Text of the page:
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Servicing

6 questions for an MSR industry under assault

Risk, reward assessment thrown off by regulatory uncertainty

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FBR Capital Markets takes a detailed look at the world of MSRs – the regulations, the risks, and the rewards – especially given a somewhat hostile regulatory environment and questions about what else could be coming down from Capitol Hill.

“The big debate for specialty mortgage servicers is whether government regulators allow large future servicing rights to be transferred or whether they block transfers or raise the cost of the transfer such that it is unprofitable,” the report, composed by Edward Mills, Paul Miller, and Ian Swanberg at FBR, states. “It appears that the industry is under assault by various regulators who question the specialty servicers’ business model of growth and are concerned that customers are not being well served.”

The report notes that the companies — including Nationstar (NSM), Ocwen Financial (OCN) and Walter Investments (WAC) — are adamant that while regulatory scrutiny has increased, a very robust servicing pipeline remains in place.

So which is it?

Will regulators, as the authors ask, continue to hound the industry as seen in New York’s top banking regulator, Department of Financial Services director Ben Lawsky, or will the industry be allowed to develop without excess regulatory interference?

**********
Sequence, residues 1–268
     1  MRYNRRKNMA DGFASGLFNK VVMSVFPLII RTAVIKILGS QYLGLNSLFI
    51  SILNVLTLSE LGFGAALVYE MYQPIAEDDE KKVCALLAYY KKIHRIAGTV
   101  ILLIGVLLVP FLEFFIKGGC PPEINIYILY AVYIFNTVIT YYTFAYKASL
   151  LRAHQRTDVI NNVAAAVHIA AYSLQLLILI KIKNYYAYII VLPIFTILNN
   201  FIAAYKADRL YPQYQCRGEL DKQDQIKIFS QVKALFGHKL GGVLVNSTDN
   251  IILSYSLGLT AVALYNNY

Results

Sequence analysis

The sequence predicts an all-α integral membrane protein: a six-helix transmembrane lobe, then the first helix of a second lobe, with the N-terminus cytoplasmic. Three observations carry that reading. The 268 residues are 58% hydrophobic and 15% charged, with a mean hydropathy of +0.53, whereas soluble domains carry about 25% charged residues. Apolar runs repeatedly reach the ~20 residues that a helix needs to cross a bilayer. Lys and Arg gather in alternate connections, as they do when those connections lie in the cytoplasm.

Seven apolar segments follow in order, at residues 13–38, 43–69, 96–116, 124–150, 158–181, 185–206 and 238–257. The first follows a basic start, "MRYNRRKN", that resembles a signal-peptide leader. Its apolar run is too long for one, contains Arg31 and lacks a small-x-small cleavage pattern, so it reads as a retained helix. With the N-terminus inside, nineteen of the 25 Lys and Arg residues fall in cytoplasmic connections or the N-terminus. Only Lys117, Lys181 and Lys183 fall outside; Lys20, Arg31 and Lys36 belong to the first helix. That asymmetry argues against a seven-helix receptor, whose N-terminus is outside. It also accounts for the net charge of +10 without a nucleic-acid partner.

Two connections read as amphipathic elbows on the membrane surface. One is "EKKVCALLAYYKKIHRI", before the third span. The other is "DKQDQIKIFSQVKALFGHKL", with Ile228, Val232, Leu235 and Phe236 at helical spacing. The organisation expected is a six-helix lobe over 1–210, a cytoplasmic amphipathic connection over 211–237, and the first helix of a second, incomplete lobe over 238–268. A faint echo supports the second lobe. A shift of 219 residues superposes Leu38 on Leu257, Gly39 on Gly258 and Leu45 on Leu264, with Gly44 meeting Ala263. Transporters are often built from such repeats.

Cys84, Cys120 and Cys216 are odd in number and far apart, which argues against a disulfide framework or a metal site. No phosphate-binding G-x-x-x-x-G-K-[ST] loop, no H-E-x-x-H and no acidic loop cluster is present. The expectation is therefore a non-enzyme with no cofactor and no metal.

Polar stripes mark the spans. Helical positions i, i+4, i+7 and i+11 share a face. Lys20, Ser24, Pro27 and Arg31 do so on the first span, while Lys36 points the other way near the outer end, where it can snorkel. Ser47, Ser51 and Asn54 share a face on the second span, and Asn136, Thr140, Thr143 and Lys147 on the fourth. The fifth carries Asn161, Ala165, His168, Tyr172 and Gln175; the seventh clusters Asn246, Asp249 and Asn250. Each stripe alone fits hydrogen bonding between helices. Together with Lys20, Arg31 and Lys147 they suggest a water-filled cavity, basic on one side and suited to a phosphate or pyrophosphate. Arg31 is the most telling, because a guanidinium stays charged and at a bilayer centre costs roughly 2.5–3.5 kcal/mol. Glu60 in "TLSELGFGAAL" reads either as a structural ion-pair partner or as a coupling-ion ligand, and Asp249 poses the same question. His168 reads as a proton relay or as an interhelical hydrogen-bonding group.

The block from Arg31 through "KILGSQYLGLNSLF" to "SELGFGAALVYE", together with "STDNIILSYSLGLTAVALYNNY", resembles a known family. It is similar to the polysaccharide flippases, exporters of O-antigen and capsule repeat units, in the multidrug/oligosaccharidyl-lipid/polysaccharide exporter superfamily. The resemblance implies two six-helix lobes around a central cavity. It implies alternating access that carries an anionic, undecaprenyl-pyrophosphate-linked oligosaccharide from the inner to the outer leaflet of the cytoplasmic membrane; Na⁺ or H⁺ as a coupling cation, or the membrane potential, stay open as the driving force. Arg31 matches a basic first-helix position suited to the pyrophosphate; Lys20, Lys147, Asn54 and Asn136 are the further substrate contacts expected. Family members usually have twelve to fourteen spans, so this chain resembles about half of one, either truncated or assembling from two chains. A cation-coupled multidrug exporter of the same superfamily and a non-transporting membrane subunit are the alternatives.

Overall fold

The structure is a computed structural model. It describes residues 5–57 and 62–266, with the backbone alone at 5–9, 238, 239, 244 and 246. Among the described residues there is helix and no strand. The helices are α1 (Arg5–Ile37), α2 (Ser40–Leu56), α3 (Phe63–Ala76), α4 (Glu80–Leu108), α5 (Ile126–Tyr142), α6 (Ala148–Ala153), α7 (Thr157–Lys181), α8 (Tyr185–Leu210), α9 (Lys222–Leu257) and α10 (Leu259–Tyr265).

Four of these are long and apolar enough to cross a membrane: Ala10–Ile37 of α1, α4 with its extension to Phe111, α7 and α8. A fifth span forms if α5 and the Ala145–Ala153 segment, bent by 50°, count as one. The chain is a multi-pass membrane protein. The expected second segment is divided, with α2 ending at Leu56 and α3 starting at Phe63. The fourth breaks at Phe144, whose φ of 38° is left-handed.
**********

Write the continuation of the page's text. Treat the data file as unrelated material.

Question No. 1: Can servicing be transferred?

It’s no secret that regulators have been scrutinizing and even putting a hold on transfers of mortgage servicing rights from originating banks to secondary servicers.

The Consumer Finance Protection Board’s leadership recently gave a speech critical of MSR transfers. In New York, Lawsky has held up the transfer of approximately 184,000 MSRs between Wells Fargo (WFC) and Ocwen. Lawsky cited worries that borrowers would be mistreated.

Some in Congress, like U.S. Rep Mark Takano, D-Calif., have piled on against transfers.

Ironically, it’s the new banking regulations that make banks want to shed their MSRs.

Question No. 2: What effect will new CFPB servicing rules have?

New CFPB servicing rules went into effect in January, including the Qualified Mortgage rule. Servicers must provide prompt crediting of payments to borrowers' accounts and prompt resolution of errors.

“The CFPB also set procedures for servicers dealing with delinquent mortgages and beginning the foreclosure process, generally making it more difficult to foreclose. The CFPB has vowed aggressive enforcement of these rules,” the report states.

For questions 3-6 plus the bonus wildcard question, click below.

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